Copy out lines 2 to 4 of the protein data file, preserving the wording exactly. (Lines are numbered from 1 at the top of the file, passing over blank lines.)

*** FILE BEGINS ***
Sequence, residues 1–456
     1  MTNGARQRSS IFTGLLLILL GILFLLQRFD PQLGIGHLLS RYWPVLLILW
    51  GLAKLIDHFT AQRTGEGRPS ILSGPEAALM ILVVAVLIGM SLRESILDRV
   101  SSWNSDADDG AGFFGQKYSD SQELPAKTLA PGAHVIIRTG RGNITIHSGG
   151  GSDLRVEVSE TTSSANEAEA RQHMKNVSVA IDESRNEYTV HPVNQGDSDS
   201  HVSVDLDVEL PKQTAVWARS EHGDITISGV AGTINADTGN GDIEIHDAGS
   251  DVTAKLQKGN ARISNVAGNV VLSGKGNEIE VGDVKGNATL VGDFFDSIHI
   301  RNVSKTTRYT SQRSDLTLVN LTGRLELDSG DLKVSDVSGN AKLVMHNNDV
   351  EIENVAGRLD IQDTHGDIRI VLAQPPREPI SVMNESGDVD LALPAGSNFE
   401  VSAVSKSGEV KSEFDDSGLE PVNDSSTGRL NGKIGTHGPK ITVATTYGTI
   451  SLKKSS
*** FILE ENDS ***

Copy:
     1  MTNGARQRSS IFTGLLLILL GILFLLQRFD PQLGIGHLLS RYWPVLLILW
    51  GLAKLIDHFT AQRTGEGRPS ILSGPEAALM ILVVAVLIGM SLRESILDRV
   101  SSWNSDADDG AGFFGQKYSD SQELPAKTLA PGAHVIIRTG RGNITIHSGG